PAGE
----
Video, slides and transcript now available – see below. On 25 March 2019, Professor Vikki Boliver of Durham University gave the 2nd annual memorial lecture in honour of the late David Raffe, Professor of Sociology of Education and Director of the Centre for Educational Sociology at the University of Edinburgh.
The video is here (Univ Edinburgh site) and here (YouTube). The slides are here and the transcript is here
Much of David’s research was concerned with inequalities in education and in the later stages of his career he highlighted inequalities in access to higher education and issues of differentiation within the sector. Professor Boliver’s lecture drew on her recent research in Scotland to consider how we can promote fairer access to university study for disadvantaged applicants.
The Scottish Government is committed to promoting fairer access to higher education and has called upon universities to reduce academic entry requirements for disadvantaged applicants as a vital means of doing so. This approach –‘contextualised admissions’ – recognises that the school attainment of disadvantaged learners does not necessarily do justice to their academic potential but also recognises that standard entry requirements typically exceed the minimum needed to succeed at degree level. Nevertheless, as I show in this lecture, universities are often conflicted about reducing entry requirements given the prestige attached to admitting only high achievers who can be expected to succeed at university as a matter of course.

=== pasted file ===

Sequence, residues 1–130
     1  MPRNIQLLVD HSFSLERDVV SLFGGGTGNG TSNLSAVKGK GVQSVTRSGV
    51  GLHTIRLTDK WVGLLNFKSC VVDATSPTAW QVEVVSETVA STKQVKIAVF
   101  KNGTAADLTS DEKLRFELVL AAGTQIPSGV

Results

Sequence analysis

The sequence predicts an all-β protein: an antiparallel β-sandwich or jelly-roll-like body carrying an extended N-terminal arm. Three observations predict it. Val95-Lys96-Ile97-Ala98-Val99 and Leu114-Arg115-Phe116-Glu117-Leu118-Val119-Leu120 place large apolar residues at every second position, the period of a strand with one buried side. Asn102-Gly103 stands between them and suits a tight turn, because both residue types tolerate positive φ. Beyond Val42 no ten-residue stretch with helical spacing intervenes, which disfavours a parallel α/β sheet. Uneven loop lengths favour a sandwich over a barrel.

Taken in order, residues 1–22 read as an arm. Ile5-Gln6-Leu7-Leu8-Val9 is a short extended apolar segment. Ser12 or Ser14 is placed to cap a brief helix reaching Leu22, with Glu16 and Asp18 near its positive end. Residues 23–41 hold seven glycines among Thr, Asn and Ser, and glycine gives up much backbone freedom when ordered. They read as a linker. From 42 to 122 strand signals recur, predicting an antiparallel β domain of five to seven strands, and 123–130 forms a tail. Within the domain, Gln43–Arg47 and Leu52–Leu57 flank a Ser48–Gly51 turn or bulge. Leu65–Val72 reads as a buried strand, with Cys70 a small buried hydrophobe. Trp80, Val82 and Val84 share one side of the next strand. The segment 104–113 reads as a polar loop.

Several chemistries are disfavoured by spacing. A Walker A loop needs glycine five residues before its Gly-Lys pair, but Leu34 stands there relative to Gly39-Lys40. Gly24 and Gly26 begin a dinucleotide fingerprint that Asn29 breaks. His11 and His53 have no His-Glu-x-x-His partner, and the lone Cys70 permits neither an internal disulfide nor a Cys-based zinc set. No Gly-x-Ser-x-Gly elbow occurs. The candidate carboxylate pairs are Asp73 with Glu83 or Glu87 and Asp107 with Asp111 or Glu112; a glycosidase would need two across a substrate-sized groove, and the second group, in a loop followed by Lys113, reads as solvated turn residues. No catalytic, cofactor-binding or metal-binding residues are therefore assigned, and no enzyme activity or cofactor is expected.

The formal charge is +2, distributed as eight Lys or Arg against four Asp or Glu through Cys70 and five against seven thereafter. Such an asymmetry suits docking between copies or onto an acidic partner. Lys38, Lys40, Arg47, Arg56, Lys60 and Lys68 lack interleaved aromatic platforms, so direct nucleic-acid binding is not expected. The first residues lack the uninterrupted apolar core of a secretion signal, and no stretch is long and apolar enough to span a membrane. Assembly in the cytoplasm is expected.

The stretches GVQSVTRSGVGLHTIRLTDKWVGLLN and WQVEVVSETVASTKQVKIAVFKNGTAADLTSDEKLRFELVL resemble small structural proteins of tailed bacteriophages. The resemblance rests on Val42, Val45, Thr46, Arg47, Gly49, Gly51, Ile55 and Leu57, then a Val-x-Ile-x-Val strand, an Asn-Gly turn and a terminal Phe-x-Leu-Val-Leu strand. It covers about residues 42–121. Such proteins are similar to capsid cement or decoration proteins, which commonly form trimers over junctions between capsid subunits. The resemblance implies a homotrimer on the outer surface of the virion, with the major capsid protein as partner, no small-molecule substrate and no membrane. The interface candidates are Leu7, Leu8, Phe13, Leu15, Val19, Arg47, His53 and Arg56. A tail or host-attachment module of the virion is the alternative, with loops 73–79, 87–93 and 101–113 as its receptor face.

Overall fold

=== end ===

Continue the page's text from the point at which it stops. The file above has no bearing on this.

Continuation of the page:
I lay out the ethical case for reducing entry requirements for disadvantaged learners and go on to examine the issues involved in developing a fair and effective contextualised admissions system. I draw on the findings of a major research project commissioned by the Scottish Funding Council to show that entry requirements could be reduced significantly for disadvantaged learners without ‘setting them up to fail’, and I discuss the scope for more radical reductions in entry requirements in conjunction with more active support for students’ learning whilst at university.
Finally, I argue that contextualised admissions policies must be targeted accurately if they are to be effective, which means using verified individual-level measures of contextual disadvantage, rather than area level measures such as the Scottish Index of Multiple Deprivation (SIMD).
Vikki Boliver is a Professor of Sociology at Durham University and a member of the Durham Evidence Centre for Education and the Centre for Global Higher Education. Vikki’s research focuses on understanding and addressing socioeconomic and ethnic inequalities in patterns of application and admission to higher education, especially the UK’s most prestigious and academically selective institutions. She recently completed a research project for the Scottish Funding Council on the use of contextual data to widen participation in Scottish universities, and was a member of the Scottish Framework for Fair Access Development Group. Vikki currently sits on the Scottish Government’s Access Delivery Group.